The binary icosahedral group can be considered as the double cover of the alternating group $A_,$ denoted $2\cdot A_\cong 2I;$ this isomorphism covers the isomorphism of the icosahedral group with the alternating group $A_\cong I,$ . Just as $I$ is a discrete subgroup of $\mathrm (3)$ , $2I$ is a discrete subgroup of the double over of $\mathrm (3)$ , namely $\mathrm (3)\cong \mathrm (2)$ . The 2-1 homomorphism from $\mathrm (3)$ to $\mathrm (3)$ then restricts to the 2-1 homomorphism from $2I$ to $I$ . Similarly, $S_$ is a discrete subgroup of $O(3)$ , and its two double covers are discrete subgroups of the two Pin groups $\mathrm ^{\pm }(3)$ .

One can show that the binary icosahedral group is isomorphic to the special linear group SL(2,5) — the group of all 2×2 matrices over the finite field F5 with unit determinant; this covers the exceptional isomorphism of $I\cong A_$ with the projective special linear group PSL(2,5).

Note also the exceptional isomorphism $PGL(2,5)\cong S_,$ which is a different group of order 120, with the commutative square of SL, GL, PSL, PGL being isomorphic to a commutative square of $2\cdot A_,2\cdot S_,A_,S_,$ which are isomorphic to subgroups of the commutative square of Spin(4), Pin(4), SO(4), O(4).

Presentation

The group 2I has a presentation given by

$\langle r,s,t\mid r^=s^=t^=rst\rangle$ or equivalently,

$\langle s,t\mid (st)^=s^=t^\rangle .$ Generators with these relations are given by

$s={\tfrac }(1+i+j+k)\qquad t={\tfrac }(\varphi +\varphi ^{-1}i+j).$ Subgroups

The only proper normal subgroup of 2I is the center { ±1 }.

By the third isomorphism theorem, there is a Galois connection between subgroups of 2I and subgroups of I, where the closure operator on subgroups of 2I is multiplication by { ±1 }.

$-1$ is the only element of order 2, hence it is contained in all subgroups of even order: thus every subgroup of 2I is either of odd order or is the preimage of a subgroup of I. Besides the cyclic groups generated by the various elements (which can have odd order), the only other subgroups of 2I (up to conjugation) are:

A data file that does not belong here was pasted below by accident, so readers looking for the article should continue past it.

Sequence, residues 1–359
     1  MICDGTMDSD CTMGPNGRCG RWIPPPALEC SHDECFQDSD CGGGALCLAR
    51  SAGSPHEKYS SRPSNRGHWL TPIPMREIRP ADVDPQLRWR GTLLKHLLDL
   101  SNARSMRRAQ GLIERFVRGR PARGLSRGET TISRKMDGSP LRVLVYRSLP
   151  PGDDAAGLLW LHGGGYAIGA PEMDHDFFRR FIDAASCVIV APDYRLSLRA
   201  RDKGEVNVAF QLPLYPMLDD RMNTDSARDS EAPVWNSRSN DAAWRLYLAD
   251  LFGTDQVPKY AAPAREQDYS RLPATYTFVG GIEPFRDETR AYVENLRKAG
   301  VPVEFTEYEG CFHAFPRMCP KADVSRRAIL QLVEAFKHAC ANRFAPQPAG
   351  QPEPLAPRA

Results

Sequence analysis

• binary dihedral groups of orders 12 and 20 (covering the dihedral groups D3 and D5 in I).
• The quaternion group consisting of the 8 Lipschitz units forms a subgroup of index 15, which is also the dicyclic group Dic2; this covers the stabilizer of an edge.
• The 24 Hurwitz units form an index 5 subgroup called the binary tetrahedral group; this covers a chiral tetrahedral group. This group is self-normalizing so its conjugacy class has 5 members (this gives a map $2I\to S_$ whose image is $A_$ ).

Relation to 4-dimensional symmetry groups

The 4-dimensional analog of the icosahedral symmetry group Ih is the symmetry group of the 600-cell (also that of its dual, the 120-cell). Just as the former is the Coxeter group of type H3, the latter is the Coxeter group of type H4, also denoted [3,3,5]. Its rotational subgroup, denoted [3,3,5]+ is a group of order 7200 living in SO(4). SO(4) has a double cover called Spin(4) in much the same way that Spin(3) is the double cover of SO(3). Similar to the isomorphism Spin(3) = Sp(1), the group Spin(4) is isomorphic to Sp(1) × Sp(1).

The preimage of [3,3,5]+ in Spin(4) (a four-dimensional analogue of 2I) is precisely the product group 2I × 2I of order 14400. The rotational symmetry group of the 600-cell is then

[3,3,5]+ = ( 2I × 2I ) / { ±1 }.

Various other 4-dimensional symmetry groups can be constructed from 2I. For details, see (Conway and Smith, 2003).

Applications

The coset space Spin(3) / 2I = S3 / 2I is a spherical 3-manifold called the Poincaré homology sphere. It is an example of a homology sphere, i.e. a 3-manifold whose homology groups are identical to those of a 3-sphere. The fundamental group of the Poincaré sphere is isomorphic to the binary icosahedral group, as the Poincaré sphere is the quotient of a 3-sphere by the binary icosahedral group.